Book Image

The Professional Scrum Master (PSM I) Guide

By : Fred Heath
Book Image

The Professional Scrum Master (PSM I) Guide

By: Fred Heath

Overview of this book

Ever wondered why you’d use Scrum over other process frameworks? Or what makes Agile just so agile? Or why you should bother with the PSM certification? This book has you covered. The Professional Scrum Master (PSM I) Guide is a comprehensive tutorial that will not only introduce you to the basics of Scrum, but build you up to be ready to pass your PSM I exam first time round. Where other books avoid detail, this guide provides you with detailed practical examples to take you from being an apprentice to becoming a master. Assuming you’re a total beginner, this book will introduce you to Scrum methodologies with detailed use cases, teaching you the secrets of Scrum in such a way that you’ll be well-equipped for the PSM I exam. This book demonstrates the real-world applications of Scrum in a variety of scenarios, all with practical examples. You’ll understand why the structure of your Scrum team matters, what you can achieve with properly planned sprints, and how to create and manage sprint and product backlogs. The chapters are regularly concluded with quizzes relevant to the exam, reinforcing the values you learn on your journey. Finally, it concludes with some exam preparation and myth-dispelling to make sure you have an edge when it comes to earning your certificate. This is a guide that’ll ensure you won’t fall behind in an ever increasingly agile world.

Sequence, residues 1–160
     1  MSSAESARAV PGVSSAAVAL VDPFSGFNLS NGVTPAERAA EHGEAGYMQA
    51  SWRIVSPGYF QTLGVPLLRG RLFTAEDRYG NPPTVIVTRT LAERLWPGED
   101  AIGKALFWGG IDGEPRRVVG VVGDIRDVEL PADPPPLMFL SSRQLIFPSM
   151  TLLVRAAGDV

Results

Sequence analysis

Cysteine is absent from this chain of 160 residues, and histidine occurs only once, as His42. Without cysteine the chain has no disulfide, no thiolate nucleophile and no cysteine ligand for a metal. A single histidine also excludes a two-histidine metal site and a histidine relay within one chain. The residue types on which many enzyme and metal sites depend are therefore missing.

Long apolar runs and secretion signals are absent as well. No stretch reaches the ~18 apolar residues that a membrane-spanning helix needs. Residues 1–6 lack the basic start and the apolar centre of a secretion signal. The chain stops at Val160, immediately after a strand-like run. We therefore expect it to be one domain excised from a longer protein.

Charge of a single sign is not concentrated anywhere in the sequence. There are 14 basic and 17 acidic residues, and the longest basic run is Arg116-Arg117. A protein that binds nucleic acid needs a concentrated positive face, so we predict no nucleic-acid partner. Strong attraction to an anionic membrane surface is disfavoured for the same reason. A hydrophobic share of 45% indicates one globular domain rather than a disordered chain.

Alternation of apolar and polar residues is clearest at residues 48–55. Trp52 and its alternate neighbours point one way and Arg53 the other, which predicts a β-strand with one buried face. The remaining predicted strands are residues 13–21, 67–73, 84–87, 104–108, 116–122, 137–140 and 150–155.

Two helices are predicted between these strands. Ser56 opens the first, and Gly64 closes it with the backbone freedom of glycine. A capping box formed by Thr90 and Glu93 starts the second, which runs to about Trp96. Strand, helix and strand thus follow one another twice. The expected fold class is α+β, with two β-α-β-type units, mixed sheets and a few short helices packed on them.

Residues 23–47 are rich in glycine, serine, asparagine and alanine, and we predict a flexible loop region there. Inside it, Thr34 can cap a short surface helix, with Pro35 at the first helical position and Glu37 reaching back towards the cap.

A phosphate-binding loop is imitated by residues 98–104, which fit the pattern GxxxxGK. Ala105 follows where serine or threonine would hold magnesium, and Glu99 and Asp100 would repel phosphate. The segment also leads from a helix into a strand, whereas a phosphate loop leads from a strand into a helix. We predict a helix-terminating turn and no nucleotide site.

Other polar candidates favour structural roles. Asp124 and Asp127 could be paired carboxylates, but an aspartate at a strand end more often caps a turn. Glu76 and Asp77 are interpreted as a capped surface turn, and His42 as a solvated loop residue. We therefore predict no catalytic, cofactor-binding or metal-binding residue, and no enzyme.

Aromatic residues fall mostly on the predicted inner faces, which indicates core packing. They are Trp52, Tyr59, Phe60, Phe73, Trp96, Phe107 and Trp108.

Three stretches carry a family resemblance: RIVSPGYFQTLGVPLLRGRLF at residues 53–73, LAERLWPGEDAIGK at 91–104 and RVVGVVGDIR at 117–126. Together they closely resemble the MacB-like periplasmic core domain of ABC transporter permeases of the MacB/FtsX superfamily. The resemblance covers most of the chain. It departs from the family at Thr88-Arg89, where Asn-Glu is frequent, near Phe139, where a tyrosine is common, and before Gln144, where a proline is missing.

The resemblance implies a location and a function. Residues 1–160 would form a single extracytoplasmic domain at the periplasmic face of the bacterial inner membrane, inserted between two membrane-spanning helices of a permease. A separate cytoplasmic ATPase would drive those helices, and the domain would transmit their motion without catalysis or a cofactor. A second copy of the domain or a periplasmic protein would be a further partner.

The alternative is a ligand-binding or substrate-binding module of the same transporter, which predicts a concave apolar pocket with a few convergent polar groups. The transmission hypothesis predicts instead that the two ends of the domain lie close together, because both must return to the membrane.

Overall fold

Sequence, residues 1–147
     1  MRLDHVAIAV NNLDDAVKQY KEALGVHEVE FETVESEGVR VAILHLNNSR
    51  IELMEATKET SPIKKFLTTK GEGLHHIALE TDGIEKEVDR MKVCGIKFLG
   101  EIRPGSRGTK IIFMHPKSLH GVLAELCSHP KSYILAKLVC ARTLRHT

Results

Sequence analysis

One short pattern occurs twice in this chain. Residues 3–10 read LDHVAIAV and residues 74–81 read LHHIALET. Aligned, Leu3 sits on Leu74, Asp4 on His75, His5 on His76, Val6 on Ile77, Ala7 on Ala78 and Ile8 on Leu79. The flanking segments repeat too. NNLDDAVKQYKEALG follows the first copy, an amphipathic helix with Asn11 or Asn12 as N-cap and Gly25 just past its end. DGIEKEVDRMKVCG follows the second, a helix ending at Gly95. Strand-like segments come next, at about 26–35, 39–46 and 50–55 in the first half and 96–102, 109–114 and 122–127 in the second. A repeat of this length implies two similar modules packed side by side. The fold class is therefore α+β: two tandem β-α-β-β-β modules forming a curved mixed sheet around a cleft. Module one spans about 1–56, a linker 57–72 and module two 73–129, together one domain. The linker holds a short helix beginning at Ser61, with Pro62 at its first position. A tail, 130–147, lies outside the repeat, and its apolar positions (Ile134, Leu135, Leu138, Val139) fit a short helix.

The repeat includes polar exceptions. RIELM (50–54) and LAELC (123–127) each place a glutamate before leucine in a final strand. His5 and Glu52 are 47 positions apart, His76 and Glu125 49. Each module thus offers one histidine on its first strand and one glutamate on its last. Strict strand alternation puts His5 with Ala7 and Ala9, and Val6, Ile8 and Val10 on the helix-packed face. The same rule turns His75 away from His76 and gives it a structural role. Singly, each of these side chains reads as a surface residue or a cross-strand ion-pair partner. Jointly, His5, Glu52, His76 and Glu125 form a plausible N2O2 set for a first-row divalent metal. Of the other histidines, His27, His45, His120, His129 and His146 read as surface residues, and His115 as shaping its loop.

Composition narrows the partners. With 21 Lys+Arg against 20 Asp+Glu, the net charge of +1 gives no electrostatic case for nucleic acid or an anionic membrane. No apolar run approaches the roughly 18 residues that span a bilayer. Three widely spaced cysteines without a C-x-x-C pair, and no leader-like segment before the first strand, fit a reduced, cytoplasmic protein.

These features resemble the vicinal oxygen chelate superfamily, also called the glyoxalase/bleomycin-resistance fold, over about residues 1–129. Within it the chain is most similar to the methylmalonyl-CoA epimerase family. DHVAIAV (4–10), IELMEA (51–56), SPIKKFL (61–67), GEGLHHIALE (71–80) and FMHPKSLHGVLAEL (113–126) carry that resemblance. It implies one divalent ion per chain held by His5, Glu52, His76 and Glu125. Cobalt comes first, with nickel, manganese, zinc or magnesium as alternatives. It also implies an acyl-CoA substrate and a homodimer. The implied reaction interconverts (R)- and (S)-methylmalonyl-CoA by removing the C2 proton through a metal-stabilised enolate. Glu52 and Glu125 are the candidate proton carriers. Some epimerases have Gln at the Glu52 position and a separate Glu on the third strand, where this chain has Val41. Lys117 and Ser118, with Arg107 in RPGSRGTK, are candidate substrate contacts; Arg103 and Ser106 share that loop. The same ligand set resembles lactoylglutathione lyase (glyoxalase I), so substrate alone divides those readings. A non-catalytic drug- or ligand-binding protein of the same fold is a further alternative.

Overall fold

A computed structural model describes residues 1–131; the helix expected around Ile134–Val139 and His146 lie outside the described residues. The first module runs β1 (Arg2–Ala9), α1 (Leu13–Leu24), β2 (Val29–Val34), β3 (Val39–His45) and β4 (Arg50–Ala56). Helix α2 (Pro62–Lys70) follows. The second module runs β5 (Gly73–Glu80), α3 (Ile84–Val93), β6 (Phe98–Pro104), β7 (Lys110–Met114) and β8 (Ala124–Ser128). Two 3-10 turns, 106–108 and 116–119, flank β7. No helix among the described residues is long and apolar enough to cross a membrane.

Table of Contents (15 chapters)
Section 1: The Scrum Framework
Section 2: Scrum in Action
Section 3: The PSM Certification

Managing technical debt

Technical debt is a software development concept. It reflects the implied cost of additional rework caused by choosing a quick and restrictive solution instead of a more comprehensive but slower one.

Technical debt is generally an issue that transcends Scrum and applies to any type of software development process or methodology. However, it is particularly prominent in Scrum due to its application of short, focused development iterations.

How is technical debt created?

Let's consider a simple example: Bob, a developer, is working on a task that requires the storing of customer and product details in a database. Bob creates a single database table and inputs the data for both customers and products in it. This solution works and will continue to work for as long as the number of customers and products is small.

However, as this number increases with time, the maintenance of that table will become more difficult, data duplication will occur, and...